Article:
Being able to hear all five Beethoven piano concerti played on two successive evenings was a rare treat. This was provided by the Jerusalem Symphony Orchestra, conducted by maestro Steven Sloane, and brought Beethoven’s immense oeuvre in this realm into sharp and impressive perspective.
On the first evening we heard concerti nos. 1, 3 and 4. Each one was played by a different young Israeli soloist, all of whom were amazingly talented and assured, playing with aplomb and grace. On the second, shorter, evening we heard nos. 2 and 5, thus ending with the magnificent last concerto, known as the Emperor. My unprofessional but accustomed ear did not pick up a single false note or tone in any of the performances and, as ever, I went away full of admiration for the amazing and talented young pianists Israel seems able to produce, including one young man who is Palestinian. Those two events were truly inspiring, providing nourishment for the soul and the mind.
Another admirable feature was the fact that two of the soloists were women, and their performances were in no way overshadowed by those of their male colleagues. To play a Beethoven piano concerto requires stamina and fortitude as well as talent, technical ability and application, and all five of the soloists displayed all the requisite characteristics in abundance. To hear Beethoven’s enormous range of power, expressive ability, sensitivity and musicality played with prodigious verve, precision and bravura is an experience not to be forgotten.
Was there a fly in the ointment? Yes, of course there was. This was represented by certain members of the audience. In these Corona times the audience is usually spread out in such a way as to leave an empty seat between people from different households. Although it isn’t always possible to keep to this rule, my husband and I certainly try to do so. Even so, there are always people sitting in the rows in front of us (we usually sit in the last row) and further along in the same row, and it is virtually impossible to avoid seeing what they are doing. Thus, people who insist on bobbing their head around or moving hand or arms to demonstrate their familiarity with the music (and after all, who isn’t acquainted with it?), constitute a constant nuisance and irritation to people like us, who are accustomed to the custom of sitting still in a concert. After all, the conductor does enough head-bobbing and hand-waving to keep the music going without assistance from the audience. Maybe someone should point out to them that the kind of behaviour that is customary in a rock or pop concert is not appropriate for one of classical music.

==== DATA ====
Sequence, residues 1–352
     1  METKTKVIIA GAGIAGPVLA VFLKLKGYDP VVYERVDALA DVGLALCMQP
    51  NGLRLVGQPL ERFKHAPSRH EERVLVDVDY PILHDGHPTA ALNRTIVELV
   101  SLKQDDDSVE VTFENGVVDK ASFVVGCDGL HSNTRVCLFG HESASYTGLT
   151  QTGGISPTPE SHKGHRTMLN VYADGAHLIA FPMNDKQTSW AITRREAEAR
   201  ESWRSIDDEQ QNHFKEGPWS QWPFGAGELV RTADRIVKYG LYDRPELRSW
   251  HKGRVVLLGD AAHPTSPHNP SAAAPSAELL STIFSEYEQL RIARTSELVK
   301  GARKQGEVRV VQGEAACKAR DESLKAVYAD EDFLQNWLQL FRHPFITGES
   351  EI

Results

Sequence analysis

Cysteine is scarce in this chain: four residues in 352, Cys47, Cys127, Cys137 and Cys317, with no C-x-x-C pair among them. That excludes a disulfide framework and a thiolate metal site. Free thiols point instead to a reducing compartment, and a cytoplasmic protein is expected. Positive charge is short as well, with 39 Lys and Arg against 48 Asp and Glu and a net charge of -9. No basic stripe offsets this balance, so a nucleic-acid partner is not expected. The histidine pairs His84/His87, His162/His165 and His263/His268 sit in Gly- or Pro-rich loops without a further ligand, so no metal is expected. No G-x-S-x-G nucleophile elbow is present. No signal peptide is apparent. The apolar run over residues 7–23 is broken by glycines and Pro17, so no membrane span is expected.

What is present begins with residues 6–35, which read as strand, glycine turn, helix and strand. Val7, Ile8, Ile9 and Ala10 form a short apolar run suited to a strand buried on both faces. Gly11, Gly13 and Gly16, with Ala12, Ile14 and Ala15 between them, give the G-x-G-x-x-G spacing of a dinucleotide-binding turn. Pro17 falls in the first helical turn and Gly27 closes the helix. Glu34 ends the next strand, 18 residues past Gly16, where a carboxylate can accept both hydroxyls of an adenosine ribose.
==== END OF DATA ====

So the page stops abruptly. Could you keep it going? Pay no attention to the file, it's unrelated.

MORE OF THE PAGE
The latest addition to the litany of disturbances impairing our enjoyment of concerts is the ubiquitous mobile phone. I’m not talking about the people who forget to turn their phone off, so that its sudden ring constitutes a brutal intrusion into the music, disturbing the whole audience, and probably the musicians as well. What I’m referring to are people sitting near us who cannot bear to be parted from the screen of their phone for a single second. Why must one check one’s phone for messages while in a concert? To my mind, the beauty of a live concert lies in the opportunity it provides to focus solely and entirely on the experience of the moment, the live performance of great music, instead of listening to recorded music or even a live performance at home, where there are a million and one distractions.
All the same, the various trivial annoyances are never going to prevent me from benefiting from the pleasure I derive from attending a concert.